It's ironic in a lot of ways that such fates would befall a city named Buffalo, pumped for all of it's resources and potential economic gain, before being abandoned by the the industrialists who founded it. Left like the carcass of the great animal that littered the long, rolling landscapes of the American frontier during the westward expansion, hides stripped and meat and bones and eyes left for the insects and the rot. Once majestic and rare, left as heaps of disease for the scattered and bewildered Natives. How could this happen? By what force, what energy? Where is home now?
If it's not the apocalypse, you can certainly see it from there, where I imagine it will ripple outwards in waves, spreading like a degenerative psychic epidemic, from Buffalo and places like it, like Detroit, and further away in the slums of the Philippines and Rio, as currencies fail and politicians make increasingly irrational decisions. I didn't spend my childhood there, I was outside in the suburbs, where it was just grey and dreary all the time from Lake Erie's humidity and six feet of snow in the Winter. But I was always aware of the nerve center, I hated even getting near it in the car. As if some wrong turn on the wrong road would put you on a direct one-way circuit towards it, pulling you in.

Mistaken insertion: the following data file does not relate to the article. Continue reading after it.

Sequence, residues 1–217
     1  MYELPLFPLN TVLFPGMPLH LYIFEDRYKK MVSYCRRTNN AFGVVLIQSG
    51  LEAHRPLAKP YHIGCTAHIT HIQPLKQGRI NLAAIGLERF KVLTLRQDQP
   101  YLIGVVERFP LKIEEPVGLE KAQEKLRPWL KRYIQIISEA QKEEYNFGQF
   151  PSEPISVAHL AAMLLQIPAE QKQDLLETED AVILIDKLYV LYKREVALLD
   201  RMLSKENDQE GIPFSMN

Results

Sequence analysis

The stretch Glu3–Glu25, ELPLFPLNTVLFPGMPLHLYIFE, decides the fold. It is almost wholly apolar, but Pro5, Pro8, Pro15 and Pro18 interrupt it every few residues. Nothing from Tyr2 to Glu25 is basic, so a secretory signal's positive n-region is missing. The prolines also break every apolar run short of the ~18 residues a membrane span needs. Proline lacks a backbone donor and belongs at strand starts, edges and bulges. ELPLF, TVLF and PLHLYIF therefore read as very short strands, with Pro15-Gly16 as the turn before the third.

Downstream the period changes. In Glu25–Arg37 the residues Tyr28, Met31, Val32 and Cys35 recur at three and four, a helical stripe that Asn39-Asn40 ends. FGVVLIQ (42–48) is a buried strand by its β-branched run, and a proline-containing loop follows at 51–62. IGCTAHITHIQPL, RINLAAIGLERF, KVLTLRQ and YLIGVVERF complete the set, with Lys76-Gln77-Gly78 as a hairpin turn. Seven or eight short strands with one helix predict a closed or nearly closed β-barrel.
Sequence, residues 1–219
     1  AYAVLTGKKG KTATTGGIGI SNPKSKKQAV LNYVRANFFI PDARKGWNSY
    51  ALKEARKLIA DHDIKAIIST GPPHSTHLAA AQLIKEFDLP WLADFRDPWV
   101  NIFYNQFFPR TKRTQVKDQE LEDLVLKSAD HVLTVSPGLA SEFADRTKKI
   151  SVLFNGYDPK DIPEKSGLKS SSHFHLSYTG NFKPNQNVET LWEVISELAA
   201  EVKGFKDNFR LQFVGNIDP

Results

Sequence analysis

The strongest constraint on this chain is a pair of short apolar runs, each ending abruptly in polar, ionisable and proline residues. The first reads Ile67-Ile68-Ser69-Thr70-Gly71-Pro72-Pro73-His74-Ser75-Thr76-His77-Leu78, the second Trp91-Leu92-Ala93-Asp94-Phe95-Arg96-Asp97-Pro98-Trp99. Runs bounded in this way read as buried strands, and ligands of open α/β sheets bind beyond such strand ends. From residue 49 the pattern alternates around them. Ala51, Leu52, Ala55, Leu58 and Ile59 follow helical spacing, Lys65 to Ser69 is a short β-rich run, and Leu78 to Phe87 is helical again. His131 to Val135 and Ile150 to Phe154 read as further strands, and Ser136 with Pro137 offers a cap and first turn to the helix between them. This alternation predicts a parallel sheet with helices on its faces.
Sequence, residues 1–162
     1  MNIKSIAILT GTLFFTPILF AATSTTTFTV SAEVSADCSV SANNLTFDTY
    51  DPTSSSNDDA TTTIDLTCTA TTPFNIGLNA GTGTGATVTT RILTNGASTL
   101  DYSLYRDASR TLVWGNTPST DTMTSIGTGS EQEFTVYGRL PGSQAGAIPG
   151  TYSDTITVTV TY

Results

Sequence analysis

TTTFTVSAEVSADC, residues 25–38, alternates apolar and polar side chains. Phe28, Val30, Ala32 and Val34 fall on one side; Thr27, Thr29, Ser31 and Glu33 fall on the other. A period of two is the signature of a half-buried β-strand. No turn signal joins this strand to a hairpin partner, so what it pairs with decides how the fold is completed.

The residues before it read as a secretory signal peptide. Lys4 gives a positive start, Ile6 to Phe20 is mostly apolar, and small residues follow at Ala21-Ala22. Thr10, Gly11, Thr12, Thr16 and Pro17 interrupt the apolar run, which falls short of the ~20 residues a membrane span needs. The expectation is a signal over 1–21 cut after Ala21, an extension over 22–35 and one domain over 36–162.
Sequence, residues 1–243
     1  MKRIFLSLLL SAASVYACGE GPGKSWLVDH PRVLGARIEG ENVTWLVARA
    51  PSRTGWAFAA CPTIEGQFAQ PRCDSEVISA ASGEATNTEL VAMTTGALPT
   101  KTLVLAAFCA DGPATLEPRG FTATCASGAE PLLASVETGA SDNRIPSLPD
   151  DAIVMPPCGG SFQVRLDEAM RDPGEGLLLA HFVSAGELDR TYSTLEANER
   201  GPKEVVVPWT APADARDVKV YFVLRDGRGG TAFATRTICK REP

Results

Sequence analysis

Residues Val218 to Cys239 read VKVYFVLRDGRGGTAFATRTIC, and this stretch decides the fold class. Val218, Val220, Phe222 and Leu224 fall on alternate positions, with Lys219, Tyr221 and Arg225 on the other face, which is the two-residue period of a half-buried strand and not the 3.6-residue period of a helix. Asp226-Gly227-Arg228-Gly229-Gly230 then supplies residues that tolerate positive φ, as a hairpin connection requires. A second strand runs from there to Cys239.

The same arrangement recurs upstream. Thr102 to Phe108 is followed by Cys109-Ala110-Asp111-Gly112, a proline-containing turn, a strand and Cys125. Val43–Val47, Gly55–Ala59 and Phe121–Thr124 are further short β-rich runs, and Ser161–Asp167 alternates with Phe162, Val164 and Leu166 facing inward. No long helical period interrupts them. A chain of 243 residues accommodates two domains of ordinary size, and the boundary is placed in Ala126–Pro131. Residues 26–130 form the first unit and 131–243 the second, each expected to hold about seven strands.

I wish I were exaggerating.
I also had religion hanging over me when I was little, that was a big part of it. Because it presented a vocabulary for this impending sense of doom, the day when the Lord's judgement comes down, the hammer of all hammers, the great Beast unleashed upon the Earth. I remember a pretty remarkably steep incline in general anxiety after I started attending Sunday school regularly. Hearing every weekend about what I should and shouldn't do, about the destruction of cities and tribes that displeased the Lord on high. How do I avoid that? It was always the scared who displeased God, and I was scared all the time. I was sure if wrath fell upon me I would be judged as lacking. I was pretty confident I was going to go to Hell, not because I was a bad kid by any stretch, but because I could never be good enough to reach the unreachable. It was because I struggled with it, the universe as they presented it, the whole cosmos aligned against me as wrath and judgement, and I thought that was abnormal. I thought everyone else must be firm and confident, brave at all times. I felt very alone, developed sleeping problems, would have random fits of panic in school and at home.